The Review Group chaired by former President of the High Court, the Hon. Mr Peter Kelly has issued its much anticipated and comprehensive report on “Review of the Administration of Civil Justice”. The Review Group’s remit was to examine the current administration of civil justice in the State with a view to:
- Improving access to justice;
- Reducing the cost of litigation including costs to the State;
- Improving procedures and practices so as to ensure timely hearings;
- The removal of obsolete, unnecessary or over-complex rules of procedure;
- Reviewing the law of discovery;
- Encouraging alternative methods of dispute resolution;
- Reviewing the use of electronic methods of communications including e-litigation;
- Examining the extent to which pleadings and submissions and other court documents should be available or accessible on the internet;
- Identifying steps to achieve more effective outcomes for court users.
Legal practitioners and other stakeholders have been calling for reform of the administration of civil justice for many years. Some valuable reviews have been carried out and reports prepared, with insightful recommendations for reform and innovation. Although some have been implemented, many of the reforms previously recommended still await implementation. Mindful of this, the Review Group, has, in its own words, made recommendations which it believes are “practical, affordable and capable of implementation with as little fuss as possible”.
The report makes in excess of 90 recommendations, some of which, if implemented, would completely transform aspects of the administration of civil justice. Others would make less dramatic impact but, if implemented, would bring about much needed and very welcome reform. The Hon. Mr Peter Kelly has himself identified those recommendations dealing with discovery, judicial review and litigation costs as the recommendations likely to have greatest impact in achieving the reform the Review Group was tasked to identify. The Review Group reached consensus on all of the recommendations except those which aim to reduce litigation costs. A minority of the group was in favour of prescribing maximum costs levels, with the majority in favour of the use of non binding guidelines as to costs levels.
Some of the recommendations will not require primary legislation in order to come into force and can be implemented with relatively minor administrative changes e.g. changes to the Rules of Court. Others will require legislative change. The review and report are a very welcome step towards modernisation of and greater efficiencies in the administration of civil justice.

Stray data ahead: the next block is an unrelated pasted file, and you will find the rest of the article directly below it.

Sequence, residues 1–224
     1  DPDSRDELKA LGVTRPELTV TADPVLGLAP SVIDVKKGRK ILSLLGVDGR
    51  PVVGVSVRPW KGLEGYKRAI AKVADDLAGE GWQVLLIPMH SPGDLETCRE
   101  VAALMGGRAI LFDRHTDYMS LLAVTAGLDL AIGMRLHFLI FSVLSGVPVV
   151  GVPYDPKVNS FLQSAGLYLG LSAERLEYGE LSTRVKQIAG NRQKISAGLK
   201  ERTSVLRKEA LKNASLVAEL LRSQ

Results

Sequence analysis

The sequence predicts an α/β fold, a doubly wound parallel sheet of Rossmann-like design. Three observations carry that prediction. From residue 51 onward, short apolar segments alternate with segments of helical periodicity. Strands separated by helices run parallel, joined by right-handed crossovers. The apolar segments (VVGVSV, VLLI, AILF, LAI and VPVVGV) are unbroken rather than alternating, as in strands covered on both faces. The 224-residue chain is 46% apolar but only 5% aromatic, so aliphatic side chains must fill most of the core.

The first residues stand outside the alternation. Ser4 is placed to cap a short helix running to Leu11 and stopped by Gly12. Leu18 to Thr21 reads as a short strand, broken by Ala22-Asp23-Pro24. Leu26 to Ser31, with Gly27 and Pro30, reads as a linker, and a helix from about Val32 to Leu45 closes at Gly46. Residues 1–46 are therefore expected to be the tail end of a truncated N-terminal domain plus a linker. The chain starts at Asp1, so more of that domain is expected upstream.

Helpfully, the Review Group has recommended that many of the reforms previously recommended by various other review groups and by the Law Reform Commission, should now be implemented. It is to be hoped that the support of the Review Group will now put an impetus behind some of the much needed and excellent reforms previously recommended. It is worth noting that at the launch of the Report, Minister McEntee stated that an implementation group would be set up with a view to publishing a reform plan in February 2021. The plan will have timelines for the implementation of various measures which will be adopted.
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About the Authors
Mary is a partner and Head of the Healthcare team at Hayes solicitors. She specialises in professional indemnity defence litigation and in particular dealing with high value clinical negligence claims. Mary has extensive experience in civil litigation, acting for insurance companies, indemnifiers and plaintiffs.
Conor is an associate solicitor in the Healthcare team at Hayes solicitors. He has over 5 years’ experience working for leading firms in both Ireland (north & south) and England. Conor advises clinical practitioners and their indemnity bodies on the defence of medical negligence claims.